Reuters Southeast Asia chief Matthew Tostevin hailed this unidentified man as a “protester standing his ground”. The photograph is extremely different visually from the Thai PBS version, despite being taken around the same time. Photo: Soe Zeya Tun / Reuters Reuters Southeast Asia chief Matthew Tostevin hailed this unidentified man as a “protester standing his ground”. The photograph is extremely different visually from the Thai PBS version, despite being taken around the same time. Photo: Soe Zeya Tun / Reuters
Reuters Southeast Asia chief Matthew Tostevin hailed this unidentified man as a “protester standing his ground”. The photograph is extremely different visually from the Thai PBS version, despite being taken around the same time. Photo: Soe Zeya Tun / Reuters
Marielle Descalsota
Opinion

Opinion

Marielle Descalsota

The problem with ‘Hunger Games’ photographs of the Thai protests

  • The protests have given rise to a new style of documentary photography in which students are depicted as Hollywood heroines and Mockingjays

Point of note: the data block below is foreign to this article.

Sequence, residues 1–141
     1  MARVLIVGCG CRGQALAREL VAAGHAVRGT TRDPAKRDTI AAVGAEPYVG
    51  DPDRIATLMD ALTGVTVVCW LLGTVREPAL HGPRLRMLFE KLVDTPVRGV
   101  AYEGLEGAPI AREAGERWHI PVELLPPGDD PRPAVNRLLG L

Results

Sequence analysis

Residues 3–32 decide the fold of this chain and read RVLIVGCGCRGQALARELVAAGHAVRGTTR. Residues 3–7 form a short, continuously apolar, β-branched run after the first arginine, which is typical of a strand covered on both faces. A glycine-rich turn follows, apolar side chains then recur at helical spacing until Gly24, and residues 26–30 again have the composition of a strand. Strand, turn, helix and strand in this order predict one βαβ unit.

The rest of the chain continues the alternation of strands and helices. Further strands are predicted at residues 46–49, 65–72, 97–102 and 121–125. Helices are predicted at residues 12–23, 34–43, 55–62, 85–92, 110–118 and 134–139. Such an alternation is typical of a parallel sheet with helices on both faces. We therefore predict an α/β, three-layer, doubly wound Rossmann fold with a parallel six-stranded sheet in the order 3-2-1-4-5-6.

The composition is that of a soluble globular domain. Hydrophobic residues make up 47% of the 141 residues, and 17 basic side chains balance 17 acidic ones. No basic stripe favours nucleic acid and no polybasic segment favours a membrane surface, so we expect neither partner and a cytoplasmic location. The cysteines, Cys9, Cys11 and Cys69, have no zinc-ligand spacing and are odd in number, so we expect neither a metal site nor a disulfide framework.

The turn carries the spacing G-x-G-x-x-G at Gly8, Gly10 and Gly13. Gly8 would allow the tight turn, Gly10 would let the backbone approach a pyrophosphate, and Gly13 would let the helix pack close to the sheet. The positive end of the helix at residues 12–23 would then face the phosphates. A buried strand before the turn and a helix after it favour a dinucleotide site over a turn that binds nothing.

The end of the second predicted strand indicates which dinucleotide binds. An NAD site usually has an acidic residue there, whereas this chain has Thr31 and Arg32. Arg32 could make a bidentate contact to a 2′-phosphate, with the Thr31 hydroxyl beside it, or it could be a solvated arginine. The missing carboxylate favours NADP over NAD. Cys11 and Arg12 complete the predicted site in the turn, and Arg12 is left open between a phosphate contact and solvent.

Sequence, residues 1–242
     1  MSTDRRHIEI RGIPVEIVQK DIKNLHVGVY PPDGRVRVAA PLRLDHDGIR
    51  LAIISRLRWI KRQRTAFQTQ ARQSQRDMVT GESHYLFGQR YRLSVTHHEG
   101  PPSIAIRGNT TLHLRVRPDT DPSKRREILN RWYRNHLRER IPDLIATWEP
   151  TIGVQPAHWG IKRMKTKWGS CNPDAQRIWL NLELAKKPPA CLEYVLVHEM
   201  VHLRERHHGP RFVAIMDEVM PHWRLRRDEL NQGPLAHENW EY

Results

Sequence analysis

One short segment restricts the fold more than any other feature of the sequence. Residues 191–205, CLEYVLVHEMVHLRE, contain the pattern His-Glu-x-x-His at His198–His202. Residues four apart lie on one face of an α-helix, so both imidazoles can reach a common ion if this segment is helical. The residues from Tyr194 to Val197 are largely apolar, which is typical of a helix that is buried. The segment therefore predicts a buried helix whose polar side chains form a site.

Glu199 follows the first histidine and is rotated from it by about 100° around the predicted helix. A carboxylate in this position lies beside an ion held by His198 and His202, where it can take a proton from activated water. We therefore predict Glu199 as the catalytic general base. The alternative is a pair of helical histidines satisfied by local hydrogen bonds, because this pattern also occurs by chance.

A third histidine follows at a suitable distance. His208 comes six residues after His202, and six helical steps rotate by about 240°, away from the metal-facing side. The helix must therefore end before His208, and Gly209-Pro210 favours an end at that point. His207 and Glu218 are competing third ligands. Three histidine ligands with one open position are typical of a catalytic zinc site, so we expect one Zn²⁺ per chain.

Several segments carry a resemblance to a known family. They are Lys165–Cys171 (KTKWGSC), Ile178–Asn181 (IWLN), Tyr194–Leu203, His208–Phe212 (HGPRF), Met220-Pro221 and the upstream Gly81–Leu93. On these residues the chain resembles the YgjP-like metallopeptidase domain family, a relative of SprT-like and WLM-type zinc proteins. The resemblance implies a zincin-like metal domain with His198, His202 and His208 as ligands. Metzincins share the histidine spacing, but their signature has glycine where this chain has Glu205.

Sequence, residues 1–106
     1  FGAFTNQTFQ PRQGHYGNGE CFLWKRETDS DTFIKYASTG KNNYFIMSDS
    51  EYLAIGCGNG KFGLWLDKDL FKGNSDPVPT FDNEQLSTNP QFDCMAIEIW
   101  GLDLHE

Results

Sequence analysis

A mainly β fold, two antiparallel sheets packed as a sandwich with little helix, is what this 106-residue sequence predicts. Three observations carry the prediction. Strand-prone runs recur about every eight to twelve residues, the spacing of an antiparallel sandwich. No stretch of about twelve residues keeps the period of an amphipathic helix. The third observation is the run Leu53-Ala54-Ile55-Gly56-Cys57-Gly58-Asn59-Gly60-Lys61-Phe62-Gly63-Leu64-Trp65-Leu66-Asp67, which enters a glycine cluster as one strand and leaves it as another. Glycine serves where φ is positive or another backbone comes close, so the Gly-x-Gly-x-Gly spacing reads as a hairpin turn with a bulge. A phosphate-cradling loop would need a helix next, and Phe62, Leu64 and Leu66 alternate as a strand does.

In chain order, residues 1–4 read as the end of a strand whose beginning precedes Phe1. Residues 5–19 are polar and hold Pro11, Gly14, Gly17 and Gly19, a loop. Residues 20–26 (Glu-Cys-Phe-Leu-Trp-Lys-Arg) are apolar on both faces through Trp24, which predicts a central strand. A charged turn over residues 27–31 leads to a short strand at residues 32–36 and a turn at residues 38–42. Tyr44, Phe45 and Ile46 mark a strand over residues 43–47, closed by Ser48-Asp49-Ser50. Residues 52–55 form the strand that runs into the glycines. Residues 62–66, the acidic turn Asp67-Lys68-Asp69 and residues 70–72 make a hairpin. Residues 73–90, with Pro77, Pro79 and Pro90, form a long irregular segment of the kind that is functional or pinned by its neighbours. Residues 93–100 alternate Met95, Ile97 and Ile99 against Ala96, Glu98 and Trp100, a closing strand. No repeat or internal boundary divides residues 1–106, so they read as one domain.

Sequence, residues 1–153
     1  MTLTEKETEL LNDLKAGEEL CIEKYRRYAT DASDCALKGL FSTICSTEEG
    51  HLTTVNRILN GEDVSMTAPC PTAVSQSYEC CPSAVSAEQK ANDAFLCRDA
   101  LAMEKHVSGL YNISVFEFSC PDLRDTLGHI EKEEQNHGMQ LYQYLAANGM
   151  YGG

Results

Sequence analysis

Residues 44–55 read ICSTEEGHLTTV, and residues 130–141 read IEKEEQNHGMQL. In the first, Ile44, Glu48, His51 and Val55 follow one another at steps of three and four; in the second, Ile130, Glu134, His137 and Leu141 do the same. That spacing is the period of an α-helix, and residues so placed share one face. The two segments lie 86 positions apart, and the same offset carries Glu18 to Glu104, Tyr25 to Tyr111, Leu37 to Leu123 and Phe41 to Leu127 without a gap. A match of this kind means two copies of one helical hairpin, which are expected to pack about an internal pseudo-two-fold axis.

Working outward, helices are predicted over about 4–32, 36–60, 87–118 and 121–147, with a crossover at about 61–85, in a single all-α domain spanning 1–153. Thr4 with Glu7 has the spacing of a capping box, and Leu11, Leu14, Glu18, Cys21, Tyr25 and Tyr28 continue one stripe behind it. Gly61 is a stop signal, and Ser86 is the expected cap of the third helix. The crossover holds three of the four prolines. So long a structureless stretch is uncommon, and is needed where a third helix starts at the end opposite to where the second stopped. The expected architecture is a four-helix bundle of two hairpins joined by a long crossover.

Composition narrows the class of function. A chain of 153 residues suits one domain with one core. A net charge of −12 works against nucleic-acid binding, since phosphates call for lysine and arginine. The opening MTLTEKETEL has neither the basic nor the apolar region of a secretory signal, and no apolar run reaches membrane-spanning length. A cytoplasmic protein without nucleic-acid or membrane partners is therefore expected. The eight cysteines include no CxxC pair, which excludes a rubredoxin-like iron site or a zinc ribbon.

• But these deceptively beautiful pictures blur the line between art and reality, begging the question: did these events really occur?

Reuters Southeast Asia chief Matthew Tostevin hailed this unidentified man as a “protester standing his ground”. The photograph is extremely different visually from the Thai PBS version, despite being taken around the same time. Photo: Soe Zeya Tun / Reuters Reuters Southeast Asia chief Matthew Tostevin hailed this unidentified man as a “protester standing his ground”. The photograph is extremely different visually from the Thai PBS version, despite being taken around the same time. Photo: Soe Zeya Tun / Reuters
Reuters Southeast Asia chief Matthew Tostevin hailed this unidentified man as a “protester standing his ground”. The photograph is extremely different visually from the Thai PBS version, despite being taken around the same time. Photo: Soe Zeya Tun / Reuters
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